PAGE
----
Sifilis, hepatitis b, Gonococcal disease or Chlamydia. The resurgence of STIs (sexually transmitted infections) in recent years, betrayed a certain “Relaxation of behavior” which exposes dangerously to the human immunodeficiency virus (HIV). “We must not wait for an upsurge in HIV, which seems less contagious than other STIs and which arrives a little out of time, to react” summarizes Lam Nguyen referring physician for Agir contre le SIDA. The association knows it, anticipating World AIDS Day on December 2 in order to call out on the need to reverse the trend ” before it’s too late “. “We must continue the work in the field, not to lower our guard” intervenes the honorary president, Mayor Bopp Dupont.
Young people are particularly affected, with an incidence rate in 15-24 year olds of 12.5 per 100,000 inhabitants. Data from the Center for Infectious and Tropical Diseases at the CHPF show that in 2018, “76.5% of young subjects use little or no condoms during sexual intercourse. “ In addition, their access to digital technology seems to have an impact. “The meetings are more abundant, faster, the new generations have more facility to have new partners, whereas before we did not have an interface which allowed human contacts a little more on the chain” analyzes the doctor.
Cases of congenital syphilis in children
The number of cases of syphilis is particularly striking, now also affecting pregnant women. But that’s not all. “We started to see congenital syphilis in children when we have not seen any for almost 25 years, but also in blood donors” alert the doctor. “If the prevalence of HIV in the population is low, it will take time to start, develops the doctor. From 1985 to today, 420 cases of HIV infection have been reported, 105 of which are in the AIDS stage.
Proof that Polynesia is not spared by the disease, 92 people have died, including three recently: a 32-year-old young woman in 2019 and two deaths in 2020 including a 23-year-old young man, who leaves a woman and two children behind him. “Each death is a failure because we have an efficient health system, which gives access to treatment, we should no longer die of AIDS in Polynesia today” asserts the doctor. “But again, we only know what we detect, that she is the tip of the iceberg? “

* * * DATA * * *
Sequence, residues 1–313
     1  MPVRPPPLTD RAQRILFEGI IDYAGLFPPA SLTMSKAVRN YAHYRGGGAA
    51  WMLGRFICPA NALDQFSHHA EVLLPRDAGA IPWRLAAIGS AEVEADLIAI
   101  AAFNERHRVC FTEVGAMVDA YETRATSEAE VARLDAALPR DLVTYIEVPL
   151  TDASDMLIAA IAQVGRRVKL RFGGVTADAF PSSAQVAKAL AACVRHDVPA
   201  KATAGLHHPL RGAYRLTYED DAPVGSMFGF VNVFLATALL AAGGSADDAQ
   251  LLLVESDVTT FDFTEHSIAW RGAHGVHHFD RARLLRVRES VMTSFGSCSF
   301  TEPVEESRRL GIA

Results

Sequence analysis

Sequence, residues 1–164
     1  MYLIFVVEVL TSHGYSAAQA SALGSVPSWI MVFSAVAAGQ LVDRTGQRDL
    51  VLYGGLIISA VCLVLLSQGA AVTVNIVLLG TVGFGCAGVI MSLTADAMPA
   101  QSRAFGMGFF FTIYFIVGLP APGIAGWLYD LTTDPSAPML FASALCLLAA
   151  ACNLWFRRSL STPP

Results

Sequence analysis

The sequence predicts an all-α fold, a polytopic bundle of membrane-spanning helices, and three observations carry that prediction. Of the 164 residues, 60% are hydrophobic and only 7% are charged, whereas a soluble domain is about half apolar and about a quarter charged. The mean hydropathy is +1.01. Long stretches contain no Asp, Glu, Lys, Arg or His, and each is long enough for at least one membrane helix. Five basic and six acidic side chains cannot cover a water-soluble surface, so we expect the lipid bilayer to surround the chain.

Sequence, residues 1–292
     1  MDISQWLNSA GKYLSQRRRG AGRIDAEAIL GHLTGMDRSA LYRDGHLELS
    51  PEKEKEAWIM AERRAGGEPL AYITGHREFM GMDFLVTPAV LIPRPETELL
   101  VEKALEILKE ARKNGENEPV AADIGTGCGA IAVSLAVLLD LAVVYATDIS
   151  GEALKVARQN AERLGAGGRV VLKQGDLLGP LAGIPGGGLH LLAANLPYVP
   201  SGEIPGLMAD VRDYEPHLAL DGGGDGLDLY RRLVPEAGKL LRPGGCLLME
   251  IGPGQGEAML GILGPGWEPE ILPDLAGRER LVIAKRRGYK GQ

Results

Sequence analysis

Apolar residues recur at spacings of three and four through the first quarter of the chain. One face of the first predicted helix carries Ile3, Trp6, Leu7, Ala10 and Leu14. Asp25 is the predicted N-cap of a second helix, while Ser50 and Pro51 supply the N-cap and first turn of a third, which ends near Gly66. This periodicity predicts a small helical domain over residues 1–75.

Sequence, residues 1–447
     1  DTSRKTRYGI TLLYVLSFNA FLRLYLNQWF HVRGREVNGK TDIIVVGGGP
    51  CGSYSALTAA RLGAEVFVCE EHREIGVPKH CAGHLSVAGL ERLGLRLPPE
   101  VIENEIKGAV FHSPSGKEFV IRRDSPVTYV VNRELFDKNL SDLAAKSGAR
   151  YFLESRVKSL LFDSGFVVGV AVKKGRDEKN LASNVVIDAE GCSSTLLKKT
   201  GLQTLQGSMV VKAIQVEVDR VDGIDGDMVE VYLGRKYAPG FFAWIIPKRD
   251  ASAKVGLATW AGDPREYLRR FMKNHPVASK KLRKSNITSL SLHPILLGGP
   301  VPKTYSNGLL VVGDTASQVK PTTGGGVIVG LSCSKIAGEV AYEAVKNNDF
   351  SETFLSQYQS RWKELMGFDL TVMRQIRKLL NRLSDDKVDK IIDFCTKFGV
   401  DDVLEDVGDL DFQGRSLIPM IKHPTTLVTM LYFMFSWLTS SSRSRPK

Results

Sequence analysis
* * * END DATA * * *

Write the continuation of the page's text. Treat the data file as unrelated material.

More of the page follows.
Exclusion, rejection, fear
Beyond statistics « impersonnelles », he draws attention to “Human dramas”, saluting the honorary president for finding the « courage » to overcome the disease. “I know what it is to be on the verge of death, to come back, to rebuild, to fight” underlines the person concerned, herself HIV positive for more than 20 years. Exclusion, rejection, fear: beyond illness, “These are the realities that weaken”. Aware that HIV elicits less empathy than cancer, and therefore less visibility, she deplores the “Prejudices” which still weigh on AIDS patients, despite access to treatment. “When the person has decided to leave, they allow themselves to die and it is sometimes linked to this fear of being rejected. “
While the Covid monopolizes all attention and all resources, Agir contre le SIDA has decided to relay the project to the fenua. “Patchwork of names” : gigantic “tifaifai” designed as a memorial. “The Covid takes up a lot of space, the competition is tough” slips the honorary president. Karel Luciani, president of the association is betting on the ” local impact ” of “Symbol of Polynesian culture” embodied by tifaifai. Renamed «If you do not remember» in Tahitian, the project aims to capture the attention of Polynesians on the epidemic, “To perpetuate the memory of those who died of AIDS”, “to combat the exclusion and discrimination of people by allowing relatives who wish to affirm the true cause of death of their loved ones, and to work in greater visibility for awareness. ” The association will present its first models on December 1st and invite everyone to make their own patchwork. “If you can send us even a photo of the work, that would already be a huge contribution” adds the president.
The very first copy is exhibited on the fare of the assembly of French Polynesia. Those who wish can leave a note. “It is a beautiful tribute that the association wants to pay to the victims, comments Mayor Bopp Dupont. But it is also a way of telling patients that they are not forgotten. “